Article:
Globe-Gazette from Mason City, Iowa on October 1, 1949 · Page 3
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Globe-Gazette from Mason City, Iowa · Page 3

Mason City, Iowa
Issue Date:
Saturday, October 1, 1949
Page 3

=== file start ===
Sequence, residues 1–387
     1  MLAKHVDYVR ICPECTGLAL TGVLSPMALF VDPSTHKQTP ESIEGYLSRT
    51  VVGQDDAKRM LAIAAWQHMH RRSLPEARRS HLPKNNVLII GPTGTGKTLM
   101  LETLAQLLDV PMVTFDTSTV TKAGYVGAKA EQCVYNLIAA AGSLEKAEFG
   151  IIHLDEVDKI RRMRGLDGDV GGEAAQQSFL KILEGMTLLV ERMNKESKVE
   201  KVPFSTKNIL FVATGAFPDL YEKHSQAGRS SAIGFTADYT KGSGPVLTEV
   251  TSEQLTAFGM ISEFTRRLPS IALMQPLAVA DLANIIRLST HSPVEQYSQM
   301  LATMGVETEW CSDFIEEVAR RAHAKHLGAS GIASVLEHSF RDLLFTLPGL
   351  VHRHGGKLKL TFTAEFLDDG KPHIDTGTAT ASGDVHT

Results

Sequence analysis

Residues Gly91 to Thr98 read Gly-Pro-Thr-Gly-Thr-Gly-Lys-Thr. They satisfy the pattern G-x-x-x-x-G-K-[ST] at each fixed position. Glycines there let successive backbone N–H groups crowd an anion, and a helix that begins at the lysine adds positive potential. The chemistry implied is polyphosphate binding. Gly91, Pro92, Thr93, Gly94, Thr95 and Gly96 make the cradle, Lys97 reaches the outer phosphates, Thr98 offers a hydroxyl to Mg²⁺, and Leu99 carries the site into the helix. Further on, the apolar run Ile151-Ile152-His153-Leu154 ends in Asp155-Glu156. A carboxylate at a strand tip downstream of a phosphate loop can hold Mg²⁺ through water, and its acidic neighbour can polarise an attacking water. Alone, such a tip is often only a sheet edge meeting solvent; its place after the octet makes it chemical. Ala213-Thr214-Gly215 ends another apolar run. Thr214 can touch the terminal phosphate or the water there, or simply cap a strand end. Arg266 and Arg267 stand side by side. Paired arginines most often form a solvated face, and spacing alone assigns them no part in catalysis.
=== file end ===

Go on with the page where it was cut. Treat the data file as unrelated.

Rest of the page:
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Glo6*3 Times- Dr. Siflla Mason Tells of Travels, Expserences of 56 Years Practice y WANDA |AiiLACE Carrying a co*h draw-string g containing twJJlankets in one nand .-and a. "goolooking 1 ' card- Doard suitcase jr light-weight ^.fgage in the off hand, Mason ^«ys, woman letor saw the £ ^^t Pace lit 3 times. + . *i s .her snapfe bright eyes ™%givfj her awf'and set you at easetheimornenljou look past the .-roU-toppedj^sk'at the wo- ji' Doctor inle swivel chair. 'is 'still livingvery minute of life as if thwinutes pass in "Indian file. i ! "^dy! Ladyiwhat ,do you want?" Dr. ste M.' Mason answers laughingl hen asked how she could circle]? globe by herself '-3- times, vett'ing into countries where she lew not soul nor aid she speak fl language. ^Theh seeing ti puzzled expression on the qu-frner's face the doctor goes onti explain, "It makes no difftice where you go, if you talk Bash long enough and loud enow someone will come calling, do you want? 1 Lady! What k DR. STELLA M. MASON the case I wore out. I'm on my 2nd one now." Her first years here Dr. Mason used to wear white dresses fr"om early spring until as late as she could in the fall. When asked where she got the desire to travel, the doctor replied, "I never knew what the word vacation was until I came here to practice. When a doctor is starting in a new practice she has plenty of spare time to read I remembered all my countries from my ancient history courses and school studies and I enjoyec the William E. Curtis letters. He wrote about plaqes all over the world, telling just where to go to see certain' things." Plans World Trip It was a long time before sh got to travel, according to Di Mason, so she had plenty of tim to plan where she wanted to go First she built her building, then And then heejes light up and she smiles as i: Mailing the times someone had eifto her rescue. This doctor [id has served the community fo^ years over half a century is Cosmopolitan woman in the trisense of the word. •On entering ri office rooms one finds her indijluality refreshing, her talk encl?ting as she is a great scholar,iolding 5 degrees and she ha|iead the Bible through 85 tirs and twice in the Douay versio^nd even had audiences with pljfferent Popes on her trips to line. She is an excellent mimichaking people and places come tfife when she mentions them anfew people possess her ready set of humor. Women's Jffhts Supporter She has b$ an untiring supporter of -wotfi's rights since the days when Qrie' Chapman Catt was waging 1| battle for suffrage and she is die member of the National Arfican Woman Suffrage associajn. Pointing tcjie n^smbership certificate she fid, "That piece of paper cost r $100 but it was :\ worth it." Jen she added, "It i used to be tt when anyone saw i me' coming jwh the street they , would . immeitely think of equal ! suffrage. Thjocal club had a def- r? inite influen here." . ; * "We don'jome anywhere near t having equarights'for women in he began to plan for a trip' u-ound the world. 'I never bought an automobile and I figure if I had put my money into a car I wouldn't have had enough money to go around the vorld," she said. "I made calls vith a taxi." •'And too, there was just one of ne," she continued. "Of course, the longer time I had to plan, the jigger my ideas grew until I was not satisfied in seeing only one or 2 countries." "If I had to live out from under Old Glory I'd rather live in Bergen, Norway, than in any other place in the world," Dr. Mason said. And' when she speaks of it her voice takes on an almost reverent tone, "Oh, that's a great place." In telling of her travels the doctor said, "I found out in traveling that there is never a boat so full or a hotel so crowded tha' one can't get service if he shakes his pocketbook. They wake up right away." Nothing Lasts Forever "Nothing lasts forever so traveler should adapt himself tc circumstances. Don't be fussy i you make up your mind to trave or people will spot you as an in experienced traveler." "I often wish I'd been born a nan," the doctor said, "but since wasn't 1 have never tried to act ike one." Dr. Mason's first trip was a vinter trip of G months in 1920-21 vhen she sailed from San Francisco to the Hawaiian Islands, Samoan Islands, and Australia, hen north to the Philippines and Hhina, on to India, Egypt, Arabia, Palestine, Syria, Greece and final- y through the countries of Europe with a special trip to the North pe and then home, sailing from Southampton to New York. Her 2nd world tour of 6 months was made in the summer of 1925 when she sailed from San Francisco to Yokohama and the principal cities of Japan, then on to Peking, taking in northern China, Shanghai, Hongkong, Singapore, Ceylon to Egypt for a second visit and to countries of Europe, touring Spain for the first time and making extensive summer journeys through Norway, Sweden and northern Scotland. Returning home she sailed from Liverpool to Quebec. On 2nd World Trip On this second trip she sailed the Caledonian canal across Scotland, the Inland sea — a canal across Japan—from Kobe to the west coast of Japan and the ful" length of the Suez canal which she had Journeyed over in her first world tour. Her 3rd and last world lour of 4 months was made in the summer of 1934. She sailed from Seattle to Yokohama for a second visit in Japan. From there she went to Vladivostok, Russia, and journeyed 6,500 miles across Siberia, stopping at all the principal cities with a week in Moscow. It ;ook 9 days by rail to travel from Vladivostok to Moscow. From :here she went to Warsaw, Po- .and, and then to Berlin, to Munich, to Nurnberg, to Oberammergau where she saw the Passion Play. From there she went to Inns- aruck, Austria, and then to the principal cities in Switzerland anc Italy for 2nd Rome she had observations. In an audience with Pope Pius XI who had succeeded the Holy Father, whom she had interviewed on her first trip. After another week in Paris anc other cities in France she sailec from Calais, France, to New York This world vagabond of such strange experiences has visilec every state in the union, the provinces of Canada twice and Mexico with South American republic yet to visit. Dr. Mason was a charter mem ber of the Cerro Gordo County /Tedlcal society, serving the so-1 iety as both president and secre- iry. For 20 years she was active n service as director of the Maon City Building and Loan asso- iation. "It. is perfectly amazing all these ew words and names in the cience of medicine," Dr. Mason aid. "And each new name means here have been years and years f research behind the finding of ome new drug," , • Give Doctors Time "Give the doctors in the United States credit for what they have pund put," she continued. "The ime will come when they will find the cause of and cure of cancer. But they must have time. They can't learn everything in a minute." • "No science has made greater progress than the science of medicine," Dr. Mason said. "The poor are taken care of in America better than in any other country in the world. Look how the people o England are rushing for medica care because they think they are getting something for nothing while it-all comes out of their taxe and paychecks." "Under a voluntary set-up in the United States the people hay plenty of medical care," Dr. Mason continued. "There isn't a docto -pt. 30, 1949 £ Uion City Globe-Gazette, Mnien CHy, Ift. vho won't go if he is called. He vill do something. It's not just be- ause I'm in the medical profession hat I think this but there isn't ny profession that does so much or people as doctors here in America. You can't get a pound if sugar at a grocery store if you laven't money to pay for it by a certain time but a doctor doesn't urn you down." Fifty Year Club Although Dr. Stella M. Mason s a woman she has a lot of weight Behind her words because she has watched the tide of medicine weep across the country and taken a part in the forward march of medicine. As the Iowa State Medical Society Certificate awarded her for membership in its Fifty Year club reads: "It is not given to many of us to achieve this distinction and we honor ^ou who . do, You have lived through an important era in the history of medicine; you have soen many new advances in the techniques of diagnosis and treatment; you have had a part in this forward march." In such a way has one doctor served this community. I [laving equarights the United iates today and we probably wft in my day," Dr. Mason said; I The doctj gives some of the ! good old ounon seiVse. .advice for which doctor)?is n&t*id when she says, '•'. t>u can't d_6; everything in a |time. -The important thing is tonake up your mind and be sati^d after you've made it up. Nevewish you'dfdone the other thing 1 ''"?'$— • "Another'important -\ thing is learn to IE on your income," she contins. "It'doesn't matter what yourbusiness is. My first ferent states but didn't get any single word of encouragement. And I don't believe a woman medical student would today either." "The 7 doctors practicing here when I came were all good to me," she continued. "They came and called on me although it was my place to call on them. Mason City was better to me than most towns would have been to a woman doctor." First Days Here "I was a general practitioner— —and never had a specialty," Dr. Mason said. "I couldn't have if I wanted to eat three times a day." My first, office was over the old library that used to be located where Currie's is now. Mason City had only 5,000 population with no paved streets or sidewalks and no one had a telephone my first years here alter coming in 1893. The street lights were even gas and had to be lighted every night." Dr. Mason remembers that the building now used by Hamilton School of Commerce known as the Parker Opera house was the largest building in Mason City when she came here. The old First Methodist church stood where the Holahan building now stands while the tiny stone building known as the courthouse stood where the Eadmar hotel now stands. "Since I started practice here there have been 7 women doctors who have started in and left again," Dr. Mason said. "But they didn't starve me out, I stayed. I answered calls day and night in the city and country and small :owns around here. Of course I wore long dresses but even though it is supposed to take women longer to dress than men, the doctors said that I got there ]ust as quick as they .could. . .-.. "It wasn't proper to bob one's hair in those days and when someone suggested I cut mine I told them I thought the patients year I mac expenses and I used to collect ipretty good share of my bills." : Mad Up Her Mind In speahg or her, own life, Dr. Masoiiaid, "I made up my mind whal wanted to?; do and I did it. lave been and;still am satisfied. Eras sit ting-looking out the winded one day at .home in Edgewoodand decided? that I would stur medicine."! For twoyears she read under Dr. Amos sabcock of Neiff Hampton, a grauate of Rush'Medical college. Tien she studied three years at te only medical college of Chicagcopen to both|inen and women atthat time. ^ "I'd ne^r been-to Mijon City before I dcided to practice here," she said. I wrote letters to dif- would excuse me if my hair was not combed so perfect on night calls," the doctor continued. "I wouldn't think of cutting my hair in those days. "I'd take a Cadwell livery team for my calls and some nights it was so dark I wouldn't know which team they gave me," she went, on." First Patient Living: "By the way my first patient is still living," the doctor said wiih a sly smile. "Then I got a red bicycle—one of the first in Mason City," she said. "I rode it 10 or 12 years and by that time it was pretty badly delapidated. I'd fasten my black medicine case on the handle bars with shawl straps. That's ri A STITCH IN TIME . . . Continuous laundering and starching .shortens; the life of nuises uniforma : unless they are kept in constant repair. KEEP YOUR UNIFORMS IN TIP-TOP CONDITION WITH A NEW SINGER Sewing Machine Take advantage of SINGER'S FREE SEWING INSTRUCTION CLASS gi ven with each new SINGER SEWING MACHINE. You will learn of tremendous savings when you do your own sewing and mending.^ NEW AND RECONDITIONED SINGER SEWING MACHINES NOW AVAIL ABLE , ATTACHMENTS SINSR SEWING MAClNE COMPANY 123 North ACCESSORIES AND ALL MODEL SINGERS Phone 1122 Of course - it's i MAKE YOUR KITCHEN p R ACT IC AL and PRETTY WITH THREE "ELECTRIC TIME-SAVING CENTERS' WE ARE PROUD TO PAY TRIBUTE to the two outstanding groups of men in our community, THE MEDICAL AND DENTAL SOCIETIES OF CERRO GORDO COUNTY. For nearly a half century these men have worked faithfully to improve the health standards of this area. For this we are deeply grateful and wish them continued progress in the years that follow. No matter what the size or sHape of your kitchen, regardless of your ideas as to decoration . . . if it's an All-Electric Kitchen it can be both practical and pretty. It is practical because you base your plans on three "Electric Time-Saving Centers/' with equipment that does much of your work for you automatically. And it's pretty, because there's practically no limit to what you can do decoration- wise with an All-Electric Kitchen, due to the cleanness of this equipment in appearance and operation. And speaking of cleanliness .. . nothing will contribute more to the health of your'family than a spotlessly clean kitchen. When a kitchen is practical and pretty ... OF COURSE, IT'S ELECTRIC. Complete Line of Famous GENERAL^ ELFCTRIC APPLIANCES PBOPXES" GAS ELECTRIC COMPANY An Essential Industry Serving North* Central lowo's Cities, Towns and Farms